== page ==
Second settlement is Cashel, the traditional seat for the kings of Munster. As an Iron Age ringfort, it fits right in.

    The third settlement is Cork, which only became important during the Viking era (much like Dublin). I had a lot of trouble finding any suitable settlements close by, but finally discovered the Garranes ringfort near Bandon. It is located about 24 km southwest of Cork. Archaeologists believe this may have been Rath Raithleann, the seat of the Eoganacht Raithlind.

    So, Ireland and Britain should be complete unless someone can offer more accurate names for the settlements (I can't tell the difference between Modern and Old Irish, so some names could be improved probably):

    Click image for larger version. 

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    Province names:

    In AoC, the "two halfs of Ireland" are called Ulster and Munster, but these are only two of the five major regions. While searching for valid settlement names, I stumbled across a legendary division of Ireland that supposedly occcurred in 123 AD. In the division, Conn was granted the northern half (Connacht, Ulster and Meath) while Eoghan (aka Mug) was granted the southern (Munster, Osraighe and Leinster). These would be called Leath Cuinn and Leath Moga (Conn's half and Mug's half). Of course as a division it's completely outdated for this period, but as province names I think those two would serve.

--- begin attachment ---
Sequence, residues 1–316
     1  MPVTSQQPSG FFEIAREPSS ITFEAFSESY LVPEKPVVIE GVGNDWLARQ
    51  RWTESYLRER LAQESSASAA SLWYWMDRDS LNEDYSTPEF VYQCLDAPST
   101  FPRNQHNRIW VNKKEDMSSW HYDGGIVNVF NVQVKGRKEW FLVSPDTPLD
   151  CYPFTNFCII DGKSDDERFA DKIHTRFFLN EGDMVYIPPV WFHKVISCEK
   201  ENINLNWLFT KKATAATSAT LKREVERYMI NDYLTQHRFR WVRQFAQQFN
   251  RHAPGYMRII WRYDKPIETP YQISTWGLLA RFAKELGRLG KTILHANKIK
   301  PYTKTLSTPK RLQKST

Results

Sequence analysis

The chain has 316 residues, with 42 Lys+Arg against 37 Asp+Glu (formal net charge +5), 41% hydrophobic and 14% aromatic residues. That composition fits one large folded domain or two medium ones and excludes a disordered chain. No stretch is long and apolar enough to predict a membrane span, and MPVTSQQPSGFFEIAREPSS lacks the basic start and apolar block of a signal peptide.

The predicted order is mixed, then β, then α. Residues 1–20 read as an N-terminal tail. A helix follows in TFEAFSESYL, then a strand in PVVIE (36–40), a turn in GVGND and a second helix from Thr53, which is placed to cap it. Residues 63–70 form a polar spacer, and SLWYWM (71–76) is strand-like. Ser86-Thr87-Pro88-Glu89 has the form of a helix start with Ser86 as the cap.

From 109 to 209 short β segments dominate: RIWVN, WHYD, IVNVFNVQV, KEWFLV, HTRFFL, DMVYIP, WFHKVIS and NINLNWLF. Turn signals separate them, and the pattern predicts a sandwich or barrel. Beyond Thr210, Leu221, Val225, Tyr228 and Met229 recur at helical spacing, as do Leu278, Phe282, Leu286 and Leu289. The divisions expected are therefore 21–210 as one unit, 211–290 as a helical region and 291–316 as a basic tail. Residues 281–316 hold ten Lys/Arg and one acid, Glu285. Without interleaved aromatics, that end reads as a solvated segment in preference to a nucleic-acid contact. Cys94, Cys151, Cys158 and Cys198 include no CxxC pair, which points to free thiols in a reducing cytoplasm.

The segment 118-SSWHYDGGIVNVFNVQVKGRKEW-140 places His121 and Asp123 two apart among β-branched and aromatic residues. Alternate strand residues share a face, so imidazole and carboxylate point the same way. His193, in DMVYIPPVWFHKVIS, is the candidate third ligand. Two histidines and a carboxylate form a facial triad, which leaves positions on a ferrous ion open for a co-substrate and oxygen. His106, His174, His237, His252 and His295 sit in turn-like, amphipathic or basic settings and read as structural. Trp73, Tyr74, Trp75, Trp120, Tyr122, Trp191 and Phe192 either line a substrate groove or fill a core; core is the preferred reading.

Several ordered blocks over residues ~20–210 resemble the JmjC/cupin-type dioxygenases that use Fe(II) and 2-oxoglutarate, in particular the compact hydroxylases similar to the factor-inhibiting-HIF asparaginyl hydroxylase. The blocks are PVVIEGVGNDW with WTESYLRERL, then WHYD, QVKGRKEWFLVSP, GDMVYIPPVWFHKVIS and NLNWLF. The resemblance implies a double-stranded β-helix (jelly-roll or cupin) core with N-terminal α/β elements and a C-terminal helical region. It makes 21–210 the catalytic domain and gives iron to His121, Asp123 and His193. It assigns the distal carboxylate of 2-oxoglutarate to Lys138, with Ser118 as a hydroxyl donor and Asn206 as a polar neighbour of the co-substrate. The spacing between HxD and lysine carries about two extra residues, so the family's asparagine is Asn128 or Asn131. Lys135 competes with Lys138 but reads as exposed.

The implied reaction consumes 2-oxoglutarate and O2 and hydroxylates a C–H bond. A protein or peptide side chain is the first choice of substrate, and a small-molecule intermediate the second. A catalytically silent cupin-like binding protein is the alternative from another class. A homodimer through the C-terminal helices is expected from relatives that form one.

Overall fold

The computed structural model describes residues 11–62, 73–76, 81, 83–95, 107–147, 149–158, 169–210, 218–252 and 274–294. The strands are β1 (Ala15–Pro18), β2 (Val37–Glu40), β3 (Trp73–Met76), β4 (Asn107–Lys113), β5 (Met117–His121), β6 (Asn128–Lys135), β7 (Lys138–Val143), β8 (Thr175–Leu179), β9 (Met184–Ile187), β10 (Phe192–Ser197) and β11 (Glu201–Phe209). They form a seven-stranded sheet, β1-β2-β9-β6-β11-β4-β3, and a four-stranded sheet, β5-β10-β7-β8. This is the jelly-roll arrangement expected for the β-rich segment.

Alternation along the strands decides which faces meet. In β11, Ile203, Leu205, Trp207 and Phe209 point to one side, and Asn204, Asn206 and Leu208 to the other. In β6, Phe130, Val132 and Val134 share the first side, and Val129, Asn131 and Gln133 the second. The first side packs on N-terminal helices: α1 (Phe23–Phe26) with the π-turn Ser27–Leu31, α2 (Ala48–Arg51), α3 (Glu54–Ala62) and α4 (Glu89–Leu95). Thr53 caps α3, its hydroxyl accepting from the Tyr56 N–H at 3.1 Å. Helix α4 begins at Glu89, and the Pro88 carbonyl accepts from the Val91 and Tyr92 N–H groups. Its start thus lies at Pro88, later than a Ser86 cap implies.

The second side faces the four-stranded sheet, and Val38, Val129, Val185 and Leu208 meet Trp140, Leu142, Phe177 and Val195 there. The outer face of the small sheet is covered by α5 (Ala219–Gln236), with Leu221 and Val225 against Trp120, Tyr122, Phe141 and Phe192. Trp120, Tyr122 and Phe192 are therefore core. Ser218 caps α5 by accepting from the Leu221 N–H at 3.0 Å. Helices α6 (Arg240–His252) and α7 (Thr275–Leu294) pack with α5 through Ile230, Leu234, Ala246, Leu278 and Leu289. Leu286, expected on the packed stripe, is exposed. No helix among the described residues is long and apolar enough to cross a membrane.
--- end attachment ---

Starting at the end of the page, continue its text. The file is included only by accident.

Gothic language:

    I changed my mind about Drauhtjos again. I think Drauhtos is the correct plural form, since for the word "day" the Gothic terms would be Dags (singular) and Dagos (plural). Also, as Gothic for "herdsman" is Hairdeis (singular, stem Hardja-) and Hairdjos (plural), I think the plural for Gasinthja should be Gasinthjos.

    Edit:
    Also, found the Gothic word for governor (perhaps also meaning regent): Kindins.

    Edit2:
    Furthermore, I had the adjectives wrong. For example, Gutane Athaljas would be "Nobles of the Goths" rather than "Gothic Nobles", I believe it should be either Guta, Gutana or perhaps Gutanai (the last is a plural form). I'll study that a bit more and see if I can come up with a definite answer. Also, speaking of Athaljas, it might be more accurate to use Athalingas, since the form Aethelingas (Old English, meaning "heroes" or "nobles") is used in Beowulf.

    Edit3: